6 Steps for Developing Future Leaders
By Kirk Kramer and Preeta Nayak
Developing future leaders is a long-term undertaking demanding ongoing attention. And often the biggest challenge can be knowing where and how to start.
We have developed a few suggestions for nonprofit leaders just beginning their leadership development journey.
1. Begin at the Beginning
Complete our “Leadership Development Diagnostic Survey.” It will help you determine what leadership development activities you have in place and how to think about stepping up to the next level.
2. Engage Your Senior Leaders
If you are the CEO, ask the members of your senior team to add a personal- and organizational-development objective to their annual goals. Hold team members accountable for progress against their objectives. Let them know that you have set similar goals for yourself as well and that the board will review your progress.
3. Understand Your Future Need
Gather your senior team for a once a year offsite to discuss where the organization is going and the potential of their direct reports to move into more senior roles. In discussion with your team, develop a common view of the key positions you’ll likely need to fill and the skills and capabilities those positions will require. Then create a Plan A for your senior team. Update it annually and share it with the board.
4. Develop Your Future Leaders
Meet twice a year with each of your direct reports to discuss their progress against their leadership development goals. Again, don’t create something new. Your organizational calendar probably already calls for periodic review meetings — capitalize on them by adding development goals to the agenda. In these conversations, work with each of your direct reports to identify the competencies they need to develop. Reach an agreement on the activities that are most likely to build those competencies, keeping the 70-20-10 framework in mind. Allocate assignments so that staffers are doing work that builds specific leadership capabilities and at the same time accomplishes the organization’s objectives.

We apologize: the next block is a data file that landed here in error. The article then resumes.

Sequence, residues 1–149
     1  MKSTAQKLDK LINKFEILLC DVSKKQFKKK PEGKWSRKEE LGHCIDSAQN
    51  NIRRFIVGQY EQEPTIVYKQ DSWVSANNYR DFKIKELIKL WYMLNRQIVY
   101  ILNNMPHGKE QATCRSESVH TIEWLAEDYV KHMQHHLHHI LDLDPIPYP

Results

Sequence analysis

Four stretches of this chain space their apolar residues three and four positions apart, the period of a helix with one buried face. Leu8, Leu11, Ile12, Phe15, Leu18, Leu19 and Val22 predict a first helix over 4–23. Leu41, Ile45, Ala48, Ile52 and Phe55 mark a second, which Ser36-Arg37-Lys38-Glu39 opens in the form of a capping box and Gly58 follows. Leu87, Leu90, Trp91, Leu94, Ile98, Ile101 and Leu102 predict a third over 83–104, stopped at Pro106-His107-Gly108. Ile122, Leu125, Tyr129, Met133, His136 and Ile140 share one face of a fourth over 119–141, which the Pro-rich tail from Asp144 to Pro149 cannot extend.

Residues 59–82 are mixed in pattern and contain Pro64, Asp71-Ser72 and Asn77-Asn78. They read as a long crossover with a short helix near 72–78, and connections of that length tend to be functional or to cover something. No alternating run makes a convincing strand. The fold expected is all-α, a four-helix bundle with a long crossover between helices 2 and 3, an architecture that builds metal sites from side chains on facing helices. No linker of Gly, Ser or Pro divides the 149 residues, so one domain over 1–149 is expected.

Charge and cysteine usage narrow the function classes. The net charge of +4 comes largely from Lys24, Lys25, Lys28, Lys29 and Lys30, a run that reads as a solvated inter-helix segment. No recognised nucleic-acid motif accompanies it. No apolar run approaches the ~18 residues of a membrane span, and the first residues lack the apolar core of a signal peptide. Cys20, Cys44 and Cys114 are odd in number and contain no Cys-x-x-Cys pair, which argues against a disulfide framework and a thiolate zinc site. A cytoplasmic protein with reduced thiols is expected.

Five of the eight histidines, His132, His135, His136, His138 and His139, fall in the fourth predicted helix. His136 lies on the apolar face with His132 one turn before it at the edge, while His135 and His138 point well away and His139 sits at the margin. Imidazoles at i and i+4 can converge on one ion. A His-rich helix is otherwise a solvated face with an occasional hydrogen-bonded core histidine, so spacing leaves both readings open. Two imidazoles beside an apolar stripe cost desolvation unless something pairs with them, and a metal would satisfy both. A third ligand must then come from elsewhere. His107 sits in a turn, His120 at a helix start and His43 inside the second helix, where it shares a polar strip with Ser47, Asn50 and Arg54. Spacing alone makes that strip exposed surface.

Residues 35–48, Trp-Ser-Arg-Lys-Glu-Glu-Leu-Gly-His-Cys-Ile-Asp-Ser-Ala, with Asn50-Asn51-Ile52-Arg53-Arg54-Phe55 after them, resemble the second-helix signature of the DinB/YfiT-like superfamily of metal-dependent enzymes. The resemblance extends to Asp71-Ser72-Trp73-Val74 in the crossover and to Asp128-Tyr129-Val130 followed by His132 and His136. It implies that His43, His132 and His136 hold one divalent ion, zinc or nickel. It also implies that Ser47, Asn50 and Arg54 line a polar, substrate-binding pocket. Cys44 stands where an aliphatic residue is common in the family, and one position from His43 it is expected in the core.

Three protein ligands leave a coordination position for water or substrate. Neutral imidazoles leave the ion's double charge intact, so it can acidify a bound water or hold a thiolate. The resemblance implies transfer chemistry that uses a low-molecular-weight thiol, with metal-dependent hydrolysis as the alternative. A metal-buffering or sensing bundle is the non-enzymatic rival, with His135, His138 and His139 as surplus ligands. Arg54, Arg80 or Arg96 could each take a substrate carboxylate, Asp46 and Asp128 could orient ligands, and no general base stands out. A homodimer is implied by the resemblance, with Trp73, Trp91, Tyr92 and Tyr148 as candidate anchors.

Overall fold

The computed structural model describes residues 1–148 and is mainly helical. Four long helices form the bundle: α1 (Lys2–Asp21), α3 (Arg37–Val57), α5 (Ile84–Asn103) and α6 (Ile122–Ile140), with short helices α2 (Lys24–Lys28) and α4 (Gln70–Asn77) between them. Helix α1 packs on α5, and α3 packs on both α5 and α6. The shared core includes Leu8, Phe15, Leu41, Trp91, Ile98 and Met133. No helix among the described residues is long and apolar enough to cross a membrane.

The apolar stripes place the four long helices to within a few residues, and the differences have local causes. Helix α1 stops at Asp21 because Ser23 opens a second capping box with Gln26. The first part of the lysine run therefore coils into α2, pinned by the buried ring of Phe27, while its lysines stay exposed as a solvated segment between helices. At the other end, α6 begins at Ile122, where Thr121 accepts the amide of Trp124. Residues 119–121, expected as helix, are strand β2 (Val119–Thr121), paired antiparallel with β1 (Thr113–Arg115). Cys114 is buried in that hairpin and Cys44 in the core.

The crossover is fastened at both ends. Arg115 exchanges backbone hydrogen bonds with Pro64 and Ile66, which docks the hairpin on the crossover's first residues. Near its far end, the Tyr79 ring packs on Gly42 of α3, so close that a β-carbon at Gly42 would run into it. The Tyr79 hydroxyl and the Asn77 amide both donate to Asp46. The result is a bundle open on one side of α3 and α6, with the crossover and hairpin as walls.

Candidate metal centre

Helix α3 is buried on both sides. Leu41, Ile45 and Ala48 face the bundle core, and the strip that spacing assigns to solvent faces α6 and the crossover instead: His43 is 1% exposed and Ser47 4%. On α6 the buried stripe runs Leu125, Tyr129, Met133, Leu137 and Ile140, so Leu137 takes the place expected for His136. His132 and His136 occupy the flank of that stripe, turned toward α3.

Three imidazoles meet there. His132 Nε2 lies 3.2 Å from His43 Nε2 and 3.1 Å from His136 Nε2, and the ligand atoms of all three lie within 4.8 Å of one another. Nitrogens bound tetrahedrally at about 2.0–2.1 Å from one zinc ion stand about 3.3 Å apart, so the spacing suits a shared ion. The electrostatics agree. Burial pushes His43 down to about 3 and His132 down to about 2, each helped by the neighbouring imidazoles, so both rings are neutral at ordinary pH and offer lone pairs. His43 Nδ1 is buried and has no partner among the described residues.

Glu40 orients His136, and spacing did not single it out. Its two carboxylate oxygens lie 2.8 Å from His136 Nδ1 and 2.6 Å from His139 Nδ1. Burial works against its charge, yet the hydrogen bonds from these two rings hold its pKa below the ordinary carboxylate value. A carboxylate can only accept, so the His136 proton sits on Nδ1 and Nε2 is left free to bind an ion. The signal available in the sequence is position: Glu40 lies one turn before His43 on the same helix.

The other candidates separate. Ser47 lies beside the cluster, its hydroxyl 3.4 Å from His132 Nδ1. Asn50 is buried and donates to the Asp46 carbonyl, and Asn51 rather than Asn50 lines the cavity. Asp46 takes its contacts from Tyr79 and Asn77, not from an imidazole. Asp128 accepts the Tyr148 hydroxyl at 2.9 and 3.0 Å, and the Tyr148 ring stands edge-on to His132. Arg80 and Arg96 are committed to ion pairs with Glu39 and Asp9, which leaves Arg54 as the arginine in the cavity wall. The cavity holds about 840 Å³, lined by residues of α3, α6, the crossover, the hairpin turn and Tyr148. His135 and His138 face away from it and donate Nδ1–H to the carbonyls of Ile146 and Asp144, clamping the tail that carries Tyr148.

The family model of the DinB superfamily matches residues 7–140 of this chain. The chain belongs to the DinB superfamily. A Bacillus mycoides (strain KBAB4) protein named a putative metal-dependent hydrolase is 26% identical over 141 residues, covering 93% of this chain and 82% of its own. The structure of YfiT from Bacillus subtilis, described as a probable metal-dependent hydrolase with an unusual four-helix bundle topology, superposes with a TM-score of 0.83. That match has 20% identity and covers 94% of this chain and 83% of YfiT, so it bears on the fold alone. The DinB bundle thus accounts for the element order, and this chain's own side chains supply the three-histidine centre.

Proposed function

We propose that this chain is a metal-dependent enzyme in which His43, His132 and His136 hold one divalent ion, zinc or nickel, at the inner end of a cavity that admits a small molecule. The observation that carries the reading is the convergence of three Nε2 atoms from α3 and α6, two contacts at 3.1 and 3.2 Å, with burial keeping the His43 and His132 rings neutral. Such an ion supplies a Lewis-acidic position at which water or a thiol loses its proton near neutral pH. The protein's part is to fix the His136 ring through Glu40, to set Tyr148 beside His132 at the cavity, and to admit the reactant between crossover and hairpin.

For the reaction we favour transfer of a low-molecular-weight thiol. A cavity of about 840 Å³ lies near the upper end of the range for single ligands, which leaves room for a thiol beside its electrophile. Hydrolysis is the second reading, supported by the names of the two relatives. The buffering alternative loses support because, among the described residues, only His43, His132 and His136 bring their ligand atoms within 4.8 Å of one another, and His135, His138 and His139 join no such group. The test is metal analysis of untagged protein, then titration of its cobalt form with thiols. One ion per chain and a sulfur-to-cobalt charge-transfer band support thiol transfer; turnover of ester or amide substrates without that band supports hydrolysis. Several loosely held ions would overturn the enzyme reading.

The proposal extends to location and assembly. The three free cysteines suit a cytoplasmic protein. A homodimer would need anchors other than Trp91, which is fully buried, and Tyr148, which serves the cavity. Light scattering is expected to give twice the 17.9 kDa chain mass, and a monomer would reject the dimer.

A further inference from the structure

5. Hire Externally to Fill Gaps
Identify the areas where you will likely need to hire externally to meet future needs. External hiring is often more necessary at small and medium-sized organizations where a wide management-skills gap separates, say, the finance director and the bookkeeper who reports to her. In such cases, you’ll likely have to hire externally to replace the finance director — or, if the organization is growing rapidly, create a new chief financial officer role.
6. Monitor and Measure Your Progress
First, set targets for accomplishing the work of the previous items on this list. Next, you should report on your organization’s progress against those targets to your senior team and the board. And finally, during annual goal-setting discussions with the senior team and the board, determine leadership development priorities for the coming year.
Skilled talent developers enjoy the respect and admiration of the organization, which gains a reputation as a place where people with high potential and aspirations can make the most of their abilities. When that happens, congratulations are in order — you have built a leadership culture that can sustain the organization, whatever the future might bring.
What are you doing to develop future leaders in your organization?
Kirk Kramer is a partner with The Bridgespan Group and head of the organization’s leadership initiatives. Preeta Nayak, a manager in Bridgespan’s San Francisco Office, manages the leadership initiatives. Excerpt Outcomes Magazine Winter 2012
What is Christian Leadership Alliance?
Christian Leadership Alliance equips and unites leaders to transform the world for Christ. We are the leaders of Christ-centered organizations who are dedicated to faithful stewardship for greater kingdom impact.